It was all political, he argued; it was putting the political imperative of European integration above good business sense, and we should have nothing to do with it. Well, the best we can say for Jock’s editorials on Airbus was that they were right in principle. A huge amount of British government money was pumped into Airbus over the years, and the 380 alone has attracted £500 million of subsidy. Boeing, by contrast, was able for decades to be the dominant force in air passenger travel, without a cent of direct state subsidy.
And yet we must look at the world as it is, and not at some idealised universe of Thatcherite economics. It may not have been an entirely fair fight, but Airbus is now beating Boeing, not least because of serious errors of strategy in Seattle. This derided European consortium is now, on the face of it, a triumphant success, a success for state subsidy, and for the 400 British firms that will supply more than 50 per cent of the 380’s components, including the wings, landing gear and engines.
While Boeing’s new 747-400 has won only a few orders, 14 airlines have already signed up for the gyms and double beds of the Airbus 380; and the political significance of this will not be understated in Brussels, Berlin and Paris. It is no longer the Americans who will provide the essential tools of globalisation; it is no longer an American machine that will claim pride of place in the aviation section of the Guinness Book of Records.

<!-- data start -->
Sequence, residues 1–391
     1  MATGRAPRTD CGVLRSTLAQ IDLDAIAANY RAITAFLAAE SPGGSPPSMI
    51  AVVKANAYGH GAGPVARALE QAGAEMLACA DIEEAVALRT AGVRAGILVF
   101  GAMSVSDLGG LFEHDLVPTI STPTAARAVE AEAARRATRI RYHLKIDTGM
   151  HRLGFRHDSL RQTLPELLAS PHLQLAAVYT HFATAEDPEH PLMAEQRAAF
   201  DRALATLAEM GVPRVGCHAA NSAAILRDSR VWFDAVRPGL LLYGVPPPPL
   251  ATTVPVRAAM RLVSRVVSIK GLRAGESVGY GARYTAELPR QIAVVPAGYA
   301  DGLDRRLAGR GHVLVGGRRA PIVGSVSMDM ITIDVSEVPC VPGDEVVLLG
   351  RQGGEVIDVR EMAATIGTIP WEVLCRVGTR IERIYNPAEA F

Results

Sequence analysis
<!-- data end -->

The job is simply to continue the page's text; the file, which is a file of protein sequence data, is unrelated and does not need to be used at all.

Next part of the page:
And as the people of Hounslow – and South Oxfordshire – prepare for this vast shadow to pass above them, they may wonder why Europe cannot rival America in other ways. If the EU can build the biggest commercial planes, and dominate the skies, why is America still the military master of the planet? The answer, of course, is that aeronautical success is no clue to political and military clout. The Russians had enormous Antonovs and Tupolevs, and where are they now? If Europe really wants to be a superpower, and if Chirac and Schröder really want to cock a snook at America, they must do something that no European government is prepared to do, and spend vastly more on defence.
Everyone complains about American management of this unipolar world, and, as one looks at some of the Pentagon’s recent miscalculations, such as post-war Iraq, one can see why. But at present the Americans can and must make all the relevant decisions, because it spends easily more than twice as much as all 25 EU countries on defence, and that is with the dollar at a deep low. If Europe wants the kind of political influence that goes with supplying the world’s fattest aircraft, it will have to do more than out-subsidise Boeing.
Europe will have to build the choppers and the fighters that go with world leadership, and there is no sign of that whatsoever. The most that can be said is that Americans will buy the Airbus 380s to ferry their troops around the world.
- Boris Johnson is MP for Henley and editor of The Spectator
Shame he didn’t acknowledge the input of the commenters, though…